I had the following Python code to invoke
ffmpeg and extract a frame from a movie:
from subprocess import Popen, PIPE ... args = [ 'ffmpeg', '-y', '-i', filein, '-r', '1', '-vframes', '1', '-f', 'image2', '-t', '00:00:01', '-ss', '20', '-',] p = Popen(args, stdout=PIPE, stderr=PIPE) ( out, err ) = p.communicate()
(At the end of this,
out contains the bytes of the frame.)
This was working fine from a standalone python test program, but when invoked as a celery task, ffmpeg would fail to decode the video. In the celery log (running
celeryd in verbose mode,
python manage.py celeryd -l info) the errors looked like this:
[mpeg4 @ 0x464d90]illegal MB_type [mpeg4 @ 0x464d90]Error at MB: 1338 [mpeg4 @ 0x464d90]concealing 1344 DC, 1344 AC, 1344 MV errors...
At first I thought perhaps the environment that the task ran in was different, so I tried a few things:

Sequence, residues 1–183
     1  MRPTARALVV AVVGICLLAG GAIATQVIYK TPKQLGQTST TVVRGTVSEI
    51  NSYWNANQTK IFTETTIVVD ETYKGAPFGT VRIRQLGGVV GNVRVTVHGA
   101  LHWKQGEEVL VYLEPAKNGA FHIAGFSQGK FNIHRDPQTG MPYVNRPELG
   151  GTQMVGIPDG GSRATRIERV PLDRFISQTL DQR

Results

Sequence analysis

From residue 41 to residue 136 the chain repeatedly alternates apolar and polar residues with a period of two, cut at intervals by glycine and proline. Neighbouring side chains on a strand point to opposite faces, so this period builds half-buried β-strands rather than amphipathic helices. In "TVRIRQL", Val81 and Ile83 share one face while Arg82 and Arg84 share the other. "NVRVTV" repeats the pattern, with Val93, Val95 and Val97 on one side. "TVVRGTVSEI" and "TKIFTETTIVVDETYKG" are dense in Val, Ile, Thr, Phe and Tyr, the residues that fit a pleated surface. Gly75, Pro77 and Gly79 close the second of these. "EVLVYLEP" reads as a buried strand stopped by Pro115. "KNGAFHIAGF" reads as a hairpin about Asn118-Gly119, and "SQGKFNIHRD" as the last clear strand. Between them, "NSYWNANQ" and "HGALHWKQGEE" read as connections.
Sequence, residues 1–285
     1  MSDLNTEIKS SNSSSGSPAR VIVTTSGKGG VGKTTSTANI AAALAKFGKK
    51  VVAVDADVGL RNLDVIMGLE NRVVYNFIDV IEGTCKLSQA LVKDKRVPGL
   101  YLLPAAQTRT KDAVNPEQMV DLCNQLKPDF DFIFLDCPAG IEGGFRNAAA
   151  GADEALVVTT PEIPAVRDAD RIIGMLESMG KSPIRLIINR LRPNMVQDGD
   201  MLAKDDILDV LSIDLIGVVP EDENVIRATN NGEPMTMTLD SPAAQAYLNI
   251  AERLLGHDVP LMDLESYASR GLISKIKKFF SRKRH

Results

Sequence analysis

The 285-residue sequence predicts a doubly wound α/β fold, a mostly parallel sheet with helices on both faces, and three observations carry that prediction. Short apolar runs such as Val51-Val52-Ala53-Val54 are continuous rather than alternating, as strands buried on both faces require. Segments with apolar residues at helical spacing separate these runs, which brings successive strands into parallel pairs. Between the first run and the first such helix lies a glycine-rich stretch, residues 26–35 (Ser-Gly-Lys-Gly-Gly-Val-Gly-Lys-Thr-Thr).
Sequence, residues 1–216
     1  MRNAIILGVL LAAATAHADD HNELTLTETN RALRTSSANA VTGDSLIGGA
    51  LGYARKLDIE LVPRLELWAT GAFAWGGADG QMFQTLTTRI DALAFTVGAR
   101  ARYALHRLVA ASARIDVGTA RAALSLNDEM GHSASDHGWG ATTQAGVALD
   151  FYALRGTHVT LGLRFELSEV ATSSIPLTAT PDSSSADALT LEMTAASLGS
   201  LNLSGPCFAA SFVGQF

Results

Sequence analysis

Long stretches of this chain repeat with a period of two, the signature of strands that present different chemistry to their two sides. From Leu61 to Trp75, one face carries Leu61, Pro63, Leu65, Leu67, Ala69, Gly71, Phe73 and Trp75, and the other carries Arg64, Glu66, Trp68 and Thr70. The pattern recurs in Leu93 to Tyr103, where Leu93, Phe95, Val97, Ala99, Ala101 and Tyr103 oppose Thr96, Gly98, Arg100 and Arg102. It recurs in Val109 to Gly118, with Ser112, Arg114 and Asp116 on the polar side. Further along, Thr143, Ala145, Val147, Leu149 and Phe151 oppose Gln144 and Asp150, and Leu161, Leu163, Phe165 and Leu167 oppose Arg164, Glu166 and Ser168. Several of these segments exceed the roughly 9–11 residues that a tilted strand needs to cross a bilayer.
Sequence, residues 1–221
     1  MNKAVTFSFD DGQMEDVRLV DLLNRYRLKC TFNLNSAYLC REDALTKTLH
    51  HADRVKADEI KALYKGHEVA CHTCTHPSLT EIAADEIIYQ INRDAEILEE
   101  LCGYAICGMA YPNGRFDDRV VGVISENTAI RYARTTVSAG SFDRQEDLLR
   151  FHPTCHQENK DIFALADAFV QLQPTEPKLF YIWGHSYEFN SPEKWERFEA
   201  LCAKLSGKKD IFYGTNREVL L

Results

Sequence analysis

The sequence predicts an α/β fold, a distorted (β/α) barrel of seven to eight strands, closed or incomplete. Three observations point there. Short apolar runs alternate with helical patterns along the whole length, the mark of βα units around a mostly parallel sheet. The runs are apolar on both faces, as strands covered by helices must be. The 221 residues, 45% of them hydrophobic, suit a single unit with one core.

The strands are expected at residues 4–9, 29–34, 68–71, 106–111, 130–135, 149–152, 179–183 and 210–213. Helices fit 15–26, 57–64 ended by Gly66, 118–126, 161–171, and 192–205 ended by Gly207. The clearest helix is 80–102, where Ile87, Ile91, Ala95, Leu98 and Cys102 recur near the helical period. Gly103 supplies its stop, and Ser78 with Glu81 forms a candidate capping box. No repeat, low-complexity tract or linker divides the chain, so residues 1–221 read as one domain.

- hard-wiring the path to ffmpeg in the code (in case it was picking up a different ffmpeg from somewhere)
- examining the ffmpeg output, which is quite verbose about the details of how it was built, to establish the right ffmpeg was being run
- capturing the output of the env shell command and comparing it to the working environment, to look for salient differences
None of this led anywhere.
Since the code worked standalone, I figured it was something about how the subprocess was being invoked. Most likely, I thought, seeing as the working version was being run from an interactive shell, it was something to do with file descriptors and standard input/output.
My code wasn’t dealing with stdin explicitly, so I made it do so by opening a pipe and sending an empty string (the argument to
p = Popen(args, stdin=PIPE, stdout=PIPE, stderr=PIPE) ( out, err ) = p.communicate('')
Turns out my hunch was right, and this worked just fine. I’m not sure why it’s necessary, and at some point I’ll return and experiment a bit more.